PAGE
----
Contrast-Enhanced Magnetic Resonance Angiography Using a Novel Elastin-Specific Molecular Probe in an Experimental Animal Model.
Contrast-enhanced magnetic resonance angiography (CEMRA) has become the clinical reference technique for the evaluation of vascular territories and of associated pathologies in patients [1, 2]. CE-MRA angiography is performed, e.g., for the visualization of the aorta, the carotid arteries, the renal arteries, and most other arterial territories [1, 3]. Therefore, different techniques are currently in clinical use, including the first-pass angiography technique, which is usually performed in a single breath-hold. For this technique, the timing of the arterial bolus is of high importance to achieve the maximum arterial enhancement. Additionally, in most imaging protocols different phases are acquired, including the arterial, venous, and portal venous phase, depending on the clinical question . The main advantage of this approach is the imaging of the different vascular phases with a high intravascular enhancement, whereas the main drawback is that due to the short scan time, only relatively large vascular structures can be visualized. A typical clinically used sequence type is the TWIST (time-resolved angiography with interleaved stochastic trajectories) sequence, which improves the temporal resolution of the sequence based on specific stochastic trajectories . In clinical practice, an additional high-resolution 3D angiography (e.g., 3D T1 FLASH) is usually acquired at a relatively late time point with high spatial resolution. This type of sequence enables the visualization of relatively small vascular structures.
Recently, a novel small-molecular-weight gadolinium-based elastin-specific molecular agent has been introduced [5-8]. This probe has been used for different molecular applications, including the characterization of the arterial vascular wall in different vascular diseases, e.g., atherosclerosis, aortic aneurysms, or Marfan's disease [5-8]. Since this agent contains only a small targeting moiety in addition to a single gadolinium complex, this probe is comparable to currently clinically used contrast agents. To take full clinical advantage of the elastin agent, it would be preferable to also be able to gather the early blood phase clinical applications, including magnetic resonance angiographies (MRA).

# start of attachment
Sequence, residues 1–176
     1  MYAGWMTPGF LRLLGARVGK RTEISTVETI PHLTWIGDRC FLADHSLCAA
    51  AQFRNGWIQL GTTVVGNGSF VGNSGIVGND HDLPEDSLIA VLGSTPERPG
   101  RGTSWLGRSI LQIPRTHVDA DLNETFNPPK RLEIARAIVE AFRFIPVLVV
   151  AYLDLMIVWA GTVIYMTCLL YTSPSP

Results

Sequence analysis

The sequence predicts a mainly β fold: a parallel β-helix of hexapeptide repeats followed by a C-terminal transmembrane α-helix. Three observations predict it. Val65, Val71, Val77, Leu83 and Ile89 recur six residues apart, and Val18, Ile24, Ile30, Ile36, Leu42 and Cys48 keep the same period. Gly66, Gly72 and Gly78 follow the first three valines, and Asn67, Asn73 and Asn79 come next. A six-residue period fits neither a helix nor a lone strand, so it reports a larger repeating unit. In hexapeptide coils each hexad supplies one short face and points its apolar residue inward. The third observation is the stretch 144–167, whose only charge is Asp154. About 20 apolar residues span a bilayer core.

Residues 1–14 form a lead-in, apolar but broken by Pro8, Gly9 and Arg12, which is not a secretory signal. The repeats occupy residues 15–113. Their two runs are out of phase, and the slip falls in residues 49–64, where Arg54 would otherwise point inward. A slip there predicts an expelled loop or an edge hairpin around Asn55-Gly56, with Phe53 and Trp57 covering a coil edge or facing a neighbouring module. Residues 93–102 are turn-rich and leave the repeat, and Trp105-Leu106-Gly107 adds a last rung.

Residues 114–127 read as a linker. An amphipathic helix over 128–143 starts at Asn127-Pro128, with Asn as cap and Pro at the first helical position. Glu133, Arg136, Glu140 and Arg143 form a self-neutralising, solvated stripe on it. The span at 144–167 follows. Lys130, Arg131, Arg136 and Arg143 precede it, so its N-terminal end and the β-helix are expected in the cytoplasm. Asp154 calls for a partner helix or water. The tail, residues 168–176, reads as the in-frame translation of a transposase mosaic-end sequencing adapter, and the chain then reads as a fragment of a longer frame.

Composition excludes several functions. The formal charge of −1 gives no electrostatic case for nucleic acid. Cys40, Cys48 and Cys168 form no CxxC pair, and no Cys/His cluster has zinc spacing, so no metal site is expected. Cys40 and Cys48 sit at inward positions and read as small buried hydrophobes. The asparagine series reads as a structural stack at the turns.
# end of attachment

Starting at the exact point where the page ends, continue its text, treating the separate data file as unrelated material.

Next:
The aim of this study was to test the potential of a small-molecular-weight gadolinium-based elastin-specific magnetic resonance (MR) probe for the performance of contrast-enhanced first-pass and late 3D MRA using clinical MR protocols in comparison to a clinically used extravascular contrast agent (gadobutrol).
2. Materials and Methods
2.1. Animal Experiments. All procedures were performed according to the guidelines and regulations of the Federation of Laboratory Animal Science Associations (FELASA) and the local guidelines and provisions for the implementation of the Animal Welfare Act. For imaging, eight ten-week-old male homozygous C57BL/6J mice from Charles River Laboratories (Edinburgh, United Kingdom) were used. All animals were housed in a clean barrier and fed with a standard lab diet. Prior to the imaging sessions, mice were anesthetized using an intraperitoneal administration of a combination of medetomidine (500 [micro]g/kg), fentanyl (50 [micro]g/kg), and midazolam (5 mg/kg). Following the final imaging session, mice were euthanized. For histological examinations, a perfusion at a pressure of 100 mm Hg with the fixative MorFFFix[R] (Morphisto, Frankfurt am Main, Germany) was performed followed by excision of the carotid arteries, brachiocephalic artery, and aorta including the renal arteries. All animal procedures in this study were conducted by a veterinarian and all possible steps were taken to avoid animal suffering at each stage of the experiment.
2.2. Animal Handling and In Vivo Magnetic Resonance Imaging. The imaging sessions were performed using a clinical 3T Siemens system (Biograph, Siemens Healthcare, Erlangen, Germany) and a clinical single-loop coil (diameter 4 cm, Siemens Healthcare, Erlangen, Germany). During the imaging sessions, body temperature (37[degrees]C) was monitored using a MR-compatible heating system (Model 1025, SA Instruments Inc, Stony Brook, NY). For the administration of the different MR imaging agents, a small diameter tube with an attached needle was inserted into the tail vein of the animals. Following the acquisition of unenhanced scans, the administration of the imaging agents was performed.
2.3. Imaging Agents. As a "control" agent, gadobutrol (Gadovist[R], Bayer Pharma AG, Berlin, Germany) was administered undiluted at a clinical dose of 0.1 mmol/kg bodyweight and followed by 0.01 ml saline. In a previous study, the R1 relaxivity of gadobutrol at 3T was reported to be 3.6 [+ or -] 0.2 . The elastin-specific molecular agent (ESMA, Lantheus Medical Imaging, North Billerica, Massachusetts, USA) was administered diluted to the same volume and at the same dose of 0.1 mmol/kg bodyweight. The unbound longitudinal relaxivity of the probe at 3T was reported to be 4.7 [+ or -] 0.1 . The imaging agents were administered in a random order in the same animal. To allow for a complete clearance of the imaging agents, a seven-day time gap was left between both imaging sessions. Prior to the second imaging agent administration, an unenhanced scan (prescan) was performed in all imaging sessions in all animals to confirm that no residual agent remained in the vascular system.